The advisory council leader said women can form their own veterans group if they prefer.
BY MARY GRZEBIENIAK
MERCER -- Mercer County commissioners have narrowed from 55 to 16 the field of applicants for the job of director of the Mercer County Department of Veterans' Affairs.
Once they cut that to six, the newly appointed Veterans Advisory Council will be invited to sit in on interviews, although members will not participate in questioning candidates.
The job, which becomes vacant June 30 when James Smartz retires, will pay $28,000 to $39,000 a year.
Complaint: Commissioners also agreed Thursday to leave it up to the advisory council to decide if action is necessary in response to a complaint made to area newspapers by a woman veteran.
Suzanne Emery, 73, of Mercer, a retired major with the Air Force Nurse Corps, questioned the absence of women on the advisory council, which was formed in February.
Commissioners named the 11 members and nine delegates drawn from county veterans organizations. Commissioners said they went through the veterans organizations, although only about 30 percent of the county's 14,000 veterans belong to them.
Commissioners agreed Thursday they will not interfere with the advisory council's handling of the issue.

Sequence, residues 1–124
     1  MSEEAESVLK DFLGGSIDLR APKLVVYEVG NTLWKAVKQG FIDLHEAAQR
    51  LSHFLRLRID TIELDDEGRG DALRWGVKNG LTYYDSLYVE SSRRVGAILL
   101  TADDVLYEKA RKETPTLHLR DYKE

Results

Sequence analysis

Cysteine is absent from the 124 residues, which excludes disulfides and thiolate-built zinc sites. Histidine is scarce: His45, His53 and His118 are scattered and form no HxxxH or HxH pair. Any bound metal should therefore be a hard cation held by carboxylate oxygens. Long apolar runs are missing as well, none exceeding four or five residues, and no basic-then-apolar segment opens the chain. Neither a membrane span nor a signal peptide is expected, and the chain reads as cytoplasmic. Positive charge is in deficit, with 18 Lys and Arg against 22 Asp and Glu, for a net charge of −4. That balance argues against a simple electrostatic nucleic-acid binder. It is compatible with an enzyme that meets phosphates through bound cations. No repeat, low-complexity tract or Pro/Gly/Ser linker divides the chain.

Commissioner Olivia Lazor said that while the gender issue should be discussed, "I'm not going to tell you [the advisory council] what to do because what's the sense of having an advisory council?"
Anthony Cashier of Sharon American Legion Post 299 said the post has never refused any women membership and has had several female members. He added that women veterans have shown some reluctance to join the Legion, preferring instead to join the auxiliary.
Bill Brandenstein, head of the advisory council, said that, if they prefer, women could form their own veterans' organization that could become part of the advisory council.
Emery said male veterans cannot represent the interests of female veterans. She said she doesn't think she was adequately assisted by veterans groups when she returned to this area several years ago and when she and another female veteran attended the first meeting of the veterans council in February she felt insulted because the group ignored them.
Moving offices: The veterans also had questions about the county's plan to move the veterans office from the first floor of the county courthouse to the basement.
Commissioner Ken Seamans said the move is for handicapped accessibility.
Prayer: Commissioners also came out in favor of school prayer, unanimously adopting a resolution supporting a U.S. House resolution which seeks to reinstate prayer in public schools.
Commissioner Gene Brenneman said several counties in Pennsylania have already adopted similar resolutions.
Lazor said prayer is needed, "especially with what is happening nationally and internationally."
In other business, they authorized advertising for bids to replace a bridge on Clay Furnace Road in Jefferson Township, approved a $38,360 contract with L. Robert Kimball and Associates, Ebensburg, for engineering services related to a microwave path and transmitter site study to improve communication between the E-911 center and ambulances and hired two clerks.